RLBench, a Reinforcement Learning Benchmark Suite
Neither Drew Bagnell nor John Langford have had time to work on
RLbench for a year so this project is currently 'on hold'. We
strongly support the continuing efforts of others such as CLSquare and RL-Glue to set up
a benchmark suite for RL.
For reference purposes (and in case this project restarts), we will
keep this web page 'live'.
Anyone interested in contributing problems to RLBench should email the
Our policy is to accept any problem which fits the interface
of the RLBench project is to make testing of Reinforcement Learning
algorithms both simple and uniform, so that when new algorithms are
created, they can easily be tested on a wide battery of problems.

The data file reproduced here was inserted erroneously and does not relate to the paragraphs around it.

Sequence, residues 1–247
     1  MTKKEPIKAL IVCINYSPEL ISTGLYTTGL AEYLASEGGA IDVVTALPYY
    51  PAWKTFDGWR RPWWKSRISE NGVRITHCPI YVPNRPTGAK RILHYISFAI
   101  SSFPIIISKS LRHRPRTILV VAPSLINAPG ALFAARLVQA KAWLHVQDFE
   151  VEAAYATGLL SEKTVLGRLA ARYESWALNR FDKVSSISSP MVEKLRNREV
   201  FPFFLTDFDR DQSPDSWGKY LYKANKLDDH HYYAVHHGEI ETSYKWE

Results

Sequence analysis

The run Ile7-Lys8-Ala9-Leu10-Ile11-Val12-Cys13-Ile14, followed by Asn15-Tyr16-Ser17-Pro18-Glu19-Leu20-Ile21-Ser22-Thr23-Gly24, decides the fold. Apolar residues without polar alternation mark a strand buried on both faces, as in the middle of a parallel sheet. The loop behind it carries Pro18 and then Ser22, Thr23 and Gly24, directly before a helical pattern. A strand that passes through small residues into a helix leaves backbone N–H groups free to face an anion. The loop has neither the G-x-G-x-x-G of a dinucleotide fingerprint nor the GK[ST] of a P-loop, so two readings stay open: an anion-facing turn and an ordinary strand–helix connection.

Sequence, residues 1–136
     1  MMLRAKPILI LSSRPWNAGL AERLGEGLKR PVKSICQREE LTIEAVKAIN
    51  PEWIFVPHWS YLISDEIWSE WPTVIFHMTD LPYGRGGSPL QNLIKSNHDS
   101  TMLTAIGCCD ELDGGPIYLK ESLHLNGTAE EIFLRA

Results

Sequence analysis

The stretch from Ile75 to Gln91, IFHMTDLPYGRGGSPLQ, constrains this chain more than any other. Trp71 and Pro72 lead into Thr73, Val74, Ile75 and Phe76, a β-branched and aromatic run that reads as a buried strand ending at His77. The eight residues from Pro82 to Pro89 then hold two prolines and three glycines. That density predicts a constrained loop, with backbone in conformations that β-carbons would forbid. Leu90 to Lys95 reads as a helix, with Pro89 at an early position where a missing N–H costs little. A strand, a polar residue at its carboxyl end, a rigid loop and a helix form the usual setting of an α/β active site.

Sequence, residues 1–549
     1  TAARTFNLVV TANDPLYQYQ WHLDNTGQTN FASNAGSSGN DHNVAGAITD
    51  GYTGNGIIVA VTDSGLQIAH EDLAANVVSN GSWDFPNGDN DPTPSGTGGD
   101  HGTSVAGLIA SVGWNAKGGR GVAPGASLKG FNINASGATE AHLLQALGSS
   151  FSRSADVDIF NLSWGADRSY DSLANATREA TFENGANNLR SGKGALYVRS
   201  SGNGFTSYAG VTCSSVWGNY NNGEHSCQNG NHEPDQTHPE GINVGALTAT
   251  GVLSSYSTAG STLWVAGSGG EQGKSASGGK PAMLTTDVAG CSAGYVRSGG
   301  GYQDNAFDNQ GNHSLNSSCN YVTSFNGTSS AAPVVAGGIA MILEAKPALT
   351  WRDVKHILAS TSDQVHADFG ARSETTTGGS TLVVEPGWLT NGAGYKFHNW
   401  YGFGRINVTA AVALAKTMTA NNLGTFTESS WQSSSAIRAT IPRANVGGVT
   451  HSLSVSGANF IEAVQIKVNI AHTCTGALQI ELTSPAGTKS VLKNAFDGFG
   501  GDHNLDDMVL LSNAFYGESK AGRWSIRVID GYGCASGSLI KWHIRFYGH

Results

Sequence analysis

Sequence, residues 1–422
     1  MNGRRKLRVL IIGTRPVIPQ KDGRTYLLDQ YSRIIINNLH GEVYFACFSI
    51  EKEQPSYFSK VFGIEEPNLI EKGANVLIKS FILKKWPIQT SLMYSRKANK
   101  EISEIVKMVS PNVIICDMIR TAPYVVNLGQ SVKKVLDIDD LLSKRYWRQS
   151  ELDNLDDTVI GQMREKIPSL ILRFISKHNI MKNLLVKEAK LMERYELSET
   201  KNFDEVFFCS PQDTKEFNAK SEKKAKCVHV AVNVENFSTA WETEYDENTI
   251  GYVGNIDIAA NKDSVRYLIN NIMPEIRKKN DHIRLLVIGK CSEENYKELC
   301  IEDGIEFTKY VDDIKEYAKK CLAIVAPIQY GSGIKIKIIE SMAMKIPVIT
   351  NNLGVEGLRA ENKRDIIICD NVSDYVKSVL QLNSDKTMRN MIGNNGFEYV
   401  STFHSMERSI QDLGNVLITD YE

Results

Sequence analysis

The current benchmark suite includes:
Tetris (from Sham Kakade and Drew Bagnell) (This one is buggy as of yet.)
Bicycle (from John Langford)
Maze world (from Drew Bagnell)
Pole balancing (from John Langford)
Source code (version 3)
(Please cite RLBench if you use the suite.)
It is difficult to apply Reinforcement learning to a fixed dataset as
is done for classification
benchmarks because in Reinforcement Learning, the set of examples
seen is fundamentally dependent on the action taken. To cope with
this fundamental source of complexity, each problem in the benchmark
is encoded as program/simulator with a standard interface.
Each of these outputs a description of the action space on startup.
Deterministic Generative Model
The simulator sends:
The simulator recieves:
state (on a line by itself)
Reinforcement learning algorithms can work directly with this
deterministic generative model, or with interfaces providing less
information (and thus making the problem harder). The next lower
level of information is a generative model. A generative model simulator
and then expects:
And the next lower amount of information is a trace model which repeatedly
and then accepts: